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To Destroy or Not To Destroy, That is the Real Question

  The destruction that I am referring to is not sinister or borne out of a desire to blow things up. I am simply referring to the difficult decision that many companies agonize over when considering destroying their documents after those documents have been scanned. Fear not, there are answers available to help make the best decision, one way or another. We have seen situations where documents come out of storage, get scanned and then go back into storage. The reason for scanning was to improve access to the documents. The reason not to destroy might be fear or possibly a valid Federal, State or industry requirement.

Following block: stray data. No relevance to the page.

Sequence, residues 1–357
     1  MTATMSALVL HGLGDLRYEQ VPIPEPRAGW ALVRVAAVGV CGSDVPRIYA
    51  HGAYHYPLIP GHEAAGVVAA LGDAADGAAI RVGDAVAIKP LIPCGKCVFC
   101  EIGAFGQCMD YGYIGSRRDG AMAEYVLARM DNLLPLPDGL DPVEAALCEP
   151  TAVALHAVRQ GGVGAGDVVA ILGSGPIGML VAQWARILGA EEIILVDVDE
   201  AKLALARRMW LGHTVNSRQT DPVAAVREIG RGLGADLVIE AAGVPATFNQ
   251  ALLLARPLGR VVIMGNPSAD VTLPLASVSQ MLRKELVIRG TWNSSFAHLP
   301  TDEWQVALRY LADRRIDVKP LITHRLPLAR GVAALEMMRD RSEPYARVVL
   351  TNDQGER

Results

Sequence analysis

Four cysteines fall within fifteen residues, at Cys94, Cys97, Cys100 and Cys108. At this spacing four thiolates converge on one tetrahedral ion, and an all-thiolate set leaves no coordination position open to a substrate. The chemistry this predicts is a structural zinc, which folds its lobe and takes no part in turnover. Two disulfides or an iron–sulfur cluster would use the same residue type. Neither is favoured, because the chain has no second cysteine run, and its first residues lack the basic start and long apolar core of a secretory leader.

Not destroying the documents after scanning increases the cost of the scanning effort and it increases the cost of storing the documents into the future. Destroying documents does cost some money, but it is much less expensive then storing the documents. Making an informed decision to destroy or not destroy can save money or ensure compliance, both important issues. So where are these answers so that you can make an intelligent decision. Start with the Federal Rules of Evidence, Rules 1001-1008. States all have their own rules but many are modeled after the Federal rules. In fact, for Illinois the State Rules of Evidence that cover “copies” are also rules 1001-1008. Other places to look for answers would be governing bodies, associations or membership requirements. For instance, the SEC or FDIC may have specific rules for retaining originals of some agreements. Local school districts may have rules for maintaining employment records in original format for all teachers. If you cannot locate the rules specific for your situation or industry there are many good records management consultants and lawyers that will do the digging for you. If you do find that you can destroy the documents after scanning, the value of your digital evidence (the scanned versions) will increase with some simple steps. First, make sure that access to the digital documents is fully logged so that you know exactly who has accessed the documents. This will let you prove to the court that the document has not been tampered with. Second, think about using a hosted document management system. Since the documents are not on your server, the ability to access them is even more remote. Lastly, document exactly how the imaging process was performed so that there is a chain of custody from paper to digital, which helps to prove that tampering was not possible. We are happy to refer you to some records management experts if you have questions. One other piece of advice, don’t run out and buy a giant shredder. Let a professional help you – and get a destruction certificate too.

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